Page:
By Kimberly Mason
For The Chronicle
TOLEDO — It’s fish rearing time again for the Friends of the Cowlitz.
Monday morning they took delivery of nearly 55,000 spring Chinook salmon smolts at the holding nets on a pond at Toledo Sand & Gravel, a job that took nearly all day and 10 truckloads.
These smolts will remain in the Toledo pond holding pen until spring, when they will be released into the Cowlitz River. By then they will have grown from their current size of 9 to 10 fish per pound to 5 or 6 fish per pound.
“Releasing the fish in different areas, other than just the Blue Creek or Barrier Dam, spreads out the fisheries so that everybody gets a chance at these fish,” said Don Glaser, president of the Friends of the Cowlitz and owner of Barrier Dam Campground. “The fish are imprinted to this area of the river, they’ll come back here.”
In two or three years, Glaser said, this batch of spring Chinook will return from their ocean journey.
“We have a really good return rate,” said Glaser, who, with the cooperation and support of the WDFW, had in previous years conducted studies to ensure that the success rate of the returns made the efforts of the Friends of the Cowlitz worthwhile.
Raising anadromous fish (including steelhead, salmon and cutthroat trout) for release into the Cowlitz River is a big part of the mission of the Friends of the Cowlitz year, taking delivery of the spring Chinook smolts this week is just the beginning of a winter-long effort.
Next month the Friends of the Cowlitz expect to take in 10,000 cutthroat trout into a pond “about a mile up from the Toutle,” and then 100,000 summer-run steelhead will be split between the Wallace Ponds on the Vader flats and the ponds near Toledo.
The Friends of the Cowlitz oversees a total of twelve fish rearing ponds, “and every one of them are full of fish,” Glaser said with pride.
Over the winter the fish will be fed three to four times each week. Weight samples will be taken periodically to make sure the fish are progressing well.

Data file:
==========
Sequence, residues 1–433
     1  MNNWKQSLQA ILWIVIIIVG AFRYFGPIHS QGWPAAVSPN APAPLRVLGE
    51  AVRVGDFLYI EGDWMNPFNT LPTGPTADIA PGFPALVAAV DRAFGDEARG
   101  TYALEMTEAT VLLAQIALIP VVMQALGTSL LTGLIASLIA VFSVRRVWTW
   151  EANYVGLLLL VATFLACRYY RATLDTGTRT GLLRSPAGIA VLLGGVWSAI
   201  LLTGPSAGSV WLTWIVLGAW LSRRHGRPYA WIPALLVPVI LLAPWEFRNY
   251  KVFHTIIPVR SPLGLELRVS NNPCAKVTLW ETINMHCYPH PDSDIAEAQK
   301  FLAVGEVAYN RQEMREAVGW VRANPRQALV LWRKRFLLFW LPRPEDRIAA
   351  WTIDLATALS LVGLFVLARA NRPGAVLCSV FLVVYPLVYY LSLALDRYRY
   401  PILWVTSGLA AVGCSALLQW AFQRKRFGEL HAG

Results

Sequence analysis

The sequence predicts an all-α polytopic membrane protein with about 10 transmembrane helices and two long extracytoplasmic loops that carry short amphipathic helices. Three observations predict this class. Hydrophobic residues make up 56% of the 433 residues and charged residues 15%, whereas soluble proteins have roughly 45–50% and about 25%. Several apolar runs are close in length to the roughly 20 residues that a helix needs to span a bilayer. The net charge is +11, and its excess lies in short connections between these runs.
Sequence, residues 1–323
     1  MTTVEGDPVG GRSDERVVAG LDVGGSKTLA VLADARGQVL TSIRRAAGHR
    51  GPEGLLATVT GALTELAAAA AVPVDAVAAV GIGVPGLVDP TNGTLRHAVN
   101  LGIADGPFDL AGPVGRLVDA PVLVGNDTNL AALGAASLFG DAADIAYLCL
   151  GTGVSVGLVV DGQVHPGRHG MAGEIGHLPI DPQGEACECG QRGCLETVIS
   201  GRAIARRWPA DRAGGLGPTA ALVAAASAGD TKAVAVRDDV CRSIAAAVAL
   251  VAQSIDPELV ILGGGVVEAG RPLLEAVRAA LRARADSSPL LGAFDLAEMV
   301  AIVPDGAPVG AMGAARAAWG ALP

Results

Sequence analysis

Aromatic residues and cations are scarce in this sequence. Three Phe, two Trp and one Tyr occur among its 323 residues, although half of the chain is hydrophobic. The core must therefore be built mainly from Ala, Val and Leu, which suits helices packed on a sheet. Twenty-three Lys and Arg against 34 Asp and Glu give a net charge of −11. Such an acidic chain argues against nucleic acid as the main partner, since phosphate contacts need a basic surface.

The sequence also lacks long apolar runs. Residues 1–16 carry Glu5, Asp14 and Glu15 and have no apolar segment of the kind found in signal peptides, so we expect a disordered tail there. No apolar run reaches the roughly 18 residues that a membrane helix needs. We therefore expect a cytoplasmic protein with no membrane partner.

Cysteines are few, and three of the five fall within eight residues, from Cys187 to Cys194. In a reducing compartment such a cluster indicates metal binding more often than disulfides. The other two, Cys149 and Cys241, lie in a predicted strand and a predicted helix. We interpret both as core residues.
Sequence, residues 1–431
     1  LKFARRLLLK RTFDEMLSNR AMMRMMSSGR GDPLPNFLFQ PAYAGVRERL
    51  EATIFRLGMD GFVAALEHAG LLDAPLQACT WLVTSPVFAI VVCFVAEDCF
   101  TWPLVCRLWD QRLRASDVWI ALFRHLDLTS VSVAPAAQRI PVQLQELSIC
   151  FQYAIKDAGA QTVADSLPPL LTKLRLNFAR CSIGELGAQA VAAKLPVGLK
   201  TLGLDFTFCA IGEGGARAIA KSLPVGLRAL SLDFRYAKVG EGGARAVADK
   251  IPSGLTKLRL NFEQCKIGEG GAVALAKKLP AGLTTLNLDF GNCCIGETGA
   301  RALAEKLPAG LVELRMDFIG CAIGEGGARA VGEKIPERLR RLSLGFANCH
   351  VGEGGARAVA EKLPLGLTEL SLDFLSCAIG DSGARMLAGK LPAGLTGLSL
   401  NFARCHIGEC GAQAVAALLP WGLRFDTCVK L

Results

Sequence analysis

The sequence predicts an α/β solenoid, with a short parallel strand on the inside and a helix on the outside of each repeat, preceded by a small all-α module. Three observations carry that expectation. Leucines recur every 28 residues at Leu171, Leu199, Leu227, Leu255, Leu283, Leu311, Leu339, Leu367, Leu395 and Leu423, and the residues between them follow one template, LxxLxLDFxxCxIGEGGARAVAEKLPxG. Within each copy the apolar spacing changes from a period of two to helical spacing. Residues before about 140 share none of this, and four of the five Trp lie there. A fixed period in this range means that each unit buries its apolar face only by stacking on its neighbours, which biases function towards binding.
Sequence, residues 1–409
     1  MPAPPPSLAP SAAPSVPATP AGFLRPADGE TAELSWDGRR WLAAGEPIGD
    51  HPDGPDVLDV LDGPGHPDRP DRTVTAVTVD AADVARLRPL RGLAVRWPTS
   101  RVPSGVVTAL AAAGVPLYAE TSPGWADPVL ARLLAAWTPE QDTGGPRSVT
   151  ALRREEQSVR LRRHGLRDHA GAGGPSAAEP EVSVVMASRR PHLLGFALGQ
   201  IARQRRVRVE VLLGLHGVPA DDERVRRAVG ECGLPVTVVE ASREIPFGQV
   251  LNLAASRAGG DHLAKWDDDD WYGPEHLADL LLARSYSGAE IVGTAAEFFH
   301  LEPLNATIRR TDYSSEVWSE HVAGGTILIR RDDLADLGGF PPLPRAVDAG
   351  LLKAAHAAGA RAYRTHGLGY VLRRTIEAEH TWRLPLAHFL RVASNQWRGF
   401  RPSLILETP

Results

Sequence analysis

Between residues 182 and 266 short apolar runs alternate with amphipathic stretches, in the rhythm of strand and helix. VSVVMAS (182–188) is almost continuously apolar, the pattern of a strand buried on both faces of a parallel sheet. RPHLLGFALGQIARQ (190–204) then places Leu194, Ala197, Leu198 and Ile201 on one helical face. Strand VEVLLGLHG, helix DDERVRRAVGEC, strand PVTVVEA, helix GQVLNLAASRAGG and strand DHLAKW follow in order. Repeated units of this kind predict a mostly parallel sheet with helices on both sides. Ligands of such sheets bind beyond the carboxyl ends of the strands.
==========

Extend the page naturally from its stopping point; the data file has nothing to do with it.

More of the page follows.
“It’s all volunteer labor,” Glaser said of the labor-intensive feeding program.
“We used to have ‘on-demand’ feeders, but we found out that the bigger fish were getting most of the food and the little ones were left to starve,” he said.
The fish rearing programs, set up through the WDFW, requires the Friends of the Cowlitz to file detailed reports and maintain the licensing and permit requirements under state and federal law.
It’s a lot of work, says Glaser, but helping to restore the upper watershed fishery above the dams and increase the fishing opportunities for local fishermen make all of the various year-long efforts of the Friends of the Cowlitz worthwhile.
Friends of the Cowlitz
The Friends of the Cowlitz is a non-profit organization, formed in 1988, “by a group of concerned individuals who had watched the runs of salmon and steelhead become smaller and smaller each year after the hydroelectric dams were constructed by the City of Tacoma.”
The group has a mobile fish pond that they take to various events around western Washington, providing free fishing for kids and educational materials for inform the public and raise awareness about river fishery issues. They also host an annual Easter egg hunt, a drift boat raffle, raise anadromous fish (salmon, steelhead, cutthroat trout) for release into the Cowlitz River.
Membership fees range from $20 for a senior or junior (14 and under) member to $30 for a regular annual membership. Corporate and Benefactor sponsorships are also available.
The Friends of the Cowlitz has an office in Toledo, next door to the NAPA autoparts store near the Toledo boat launch. You can also find information online at http://barrierdam.com/friendsofthecowlitz/index.html or you can visit Don Glaser at the Barrier Dam Campground on Fuller Road to learn more about joining the Friends of the Cowlitz.